Acceleration in European Mean Sea Level? A New Insight Using Improved Tools

by Phil J. Watson, Journal of Coastal research, May 2017

Key findings are that at the 95% confidence level, no consistent or compelling evidence (yet) exists that recent rates of rise are higher or abnormal in the context of the historical records available across Europe, nor is there any evidence that geocentric rates of rise are above the global average. It is likely a further 20 years of data will distinguish whether recent increases are evidence of the onset of climate change–induced acceleration.

Uncertainty about the Climate Uncertainty Monster

by Judith Curry, May 19, 2017

The many dimensions of the climate uncertainty monster.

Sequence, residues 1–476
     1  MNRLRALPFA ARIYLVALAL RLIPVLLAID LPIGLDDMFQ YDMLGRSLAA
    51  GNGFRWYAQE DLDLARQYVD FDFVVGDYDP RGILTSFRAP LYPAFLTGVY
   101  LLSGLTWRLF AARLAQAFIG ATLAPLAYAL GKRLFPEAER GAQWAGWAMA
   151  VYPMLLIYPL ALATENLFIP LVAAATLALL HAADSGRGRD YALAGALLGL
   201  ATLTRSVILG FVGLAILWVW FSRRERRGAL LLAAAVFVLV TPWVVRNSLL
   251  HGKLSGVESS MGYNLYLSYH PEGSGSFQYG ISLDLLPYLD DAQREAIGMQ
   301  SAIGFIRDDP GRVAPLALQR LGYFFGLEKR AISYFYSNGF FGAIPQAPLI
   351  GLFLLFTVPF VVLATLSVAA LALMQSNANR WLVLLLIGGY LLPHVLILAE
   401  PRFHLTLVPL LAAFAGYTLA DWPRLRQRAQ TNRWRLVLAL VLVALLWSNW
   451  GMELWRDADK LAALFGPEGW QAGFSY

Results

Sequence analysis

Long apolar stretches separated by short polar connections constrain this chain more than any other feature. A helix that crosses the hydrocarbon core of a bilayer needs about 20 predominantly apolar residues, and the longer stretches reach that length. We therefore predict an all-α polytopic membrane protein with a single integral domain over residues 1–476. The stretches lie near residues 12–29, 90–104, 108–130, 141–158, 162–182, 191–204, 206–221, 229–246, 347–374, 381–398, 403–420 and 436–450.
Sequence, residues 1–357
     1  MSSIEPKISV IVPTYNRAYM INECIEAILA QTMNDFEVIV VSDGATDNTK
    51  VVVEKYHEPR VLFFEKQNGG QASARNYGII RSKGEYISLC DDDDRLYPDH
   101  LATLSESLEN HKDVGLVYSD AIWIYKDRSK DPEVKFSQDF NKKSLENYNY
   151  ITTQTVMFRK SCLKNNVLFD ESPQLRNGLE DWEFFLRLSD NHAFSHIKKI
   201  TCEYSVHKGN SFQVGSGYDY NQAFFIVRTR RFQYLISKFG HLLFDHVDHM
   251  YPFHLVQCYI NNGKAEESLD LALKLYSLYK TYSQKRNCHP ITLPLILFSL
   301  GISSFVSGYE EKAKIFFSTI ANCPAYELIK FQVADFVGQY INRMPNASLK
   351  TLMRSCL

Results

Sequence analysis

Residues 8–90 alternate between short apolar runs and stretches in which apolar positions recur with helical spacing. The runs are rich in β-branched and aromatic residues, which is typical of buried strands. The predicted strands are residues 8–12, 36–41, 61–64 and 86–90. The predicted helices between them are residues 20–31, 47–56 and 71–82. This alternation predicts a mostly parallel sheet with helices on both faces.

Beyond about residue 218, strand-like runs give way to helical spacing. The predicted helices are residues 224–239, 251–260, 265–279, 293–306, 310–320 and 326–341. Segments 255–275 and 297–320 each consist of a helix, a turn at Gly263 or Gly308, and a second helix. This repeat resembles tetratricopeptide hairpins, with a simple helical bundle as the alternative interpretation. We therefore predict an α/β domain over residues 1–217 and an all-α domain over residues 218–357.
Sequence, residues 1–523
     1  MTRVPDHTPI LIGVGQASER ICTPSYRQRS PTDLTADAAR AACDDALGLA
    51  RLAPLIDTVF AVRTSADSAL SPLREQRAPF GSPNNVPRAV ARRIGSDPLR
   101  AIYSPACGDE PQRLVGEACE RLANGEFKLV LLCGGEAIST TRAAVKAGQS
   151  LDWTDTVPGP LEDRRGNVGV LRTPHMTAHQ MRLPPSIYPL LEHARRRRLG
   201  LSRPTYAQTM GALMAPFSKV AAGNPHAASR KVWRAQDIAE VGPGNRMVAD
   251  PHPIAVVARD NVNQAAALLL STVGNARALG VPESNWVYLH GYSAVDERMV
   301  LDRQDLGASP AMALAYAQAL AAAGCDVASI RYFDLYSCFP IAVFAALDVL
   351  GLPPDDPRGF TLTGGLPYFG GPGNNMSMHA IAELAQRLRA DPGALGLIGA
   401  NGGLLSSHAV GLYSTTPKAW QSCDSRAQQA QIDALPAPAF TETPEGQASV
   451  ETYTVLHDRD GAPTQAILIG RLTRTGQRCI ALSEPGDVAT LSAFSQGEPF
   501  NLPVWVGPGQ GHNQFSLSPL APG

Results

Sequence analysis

Bret Stephens’ climate change op-ed of several weeks ago Climate of Complete Certainty spawned a number of articles related to uncertainty and climate change.

Andy Revkin’s article in response was titled There are lots of climate uncertainties.  Let’s acknowledge and plan for them with honesty.    Revkin even mentions the Uncertainty Monster and Jeroen van der Sluijs.

Early 20th-century Arctic warming intensified by Pacific and Atlantic multidecadal variability

by Hiroki Tokinaga et al., PNAS, May 1, 2017

Arctic amplification is a robust feature of climate response to global warming, with large impacts on ecosystems and societies. A long-standing mystery is that a pronounced Arctic warming occurred during the early 20th century when the rate of interdecadal change in radiative forcing was much weaker than at present. Here, using observations and model experiments, we show that the combined effect of internally generated Pacific and Atlantic interdecadal variabilities intensified the Arctic land warming in the early 20th century.

80 Graphs From 58 New (2017) Papers Invalidate Claims Of Unprecedented Global-Scale Modern Warming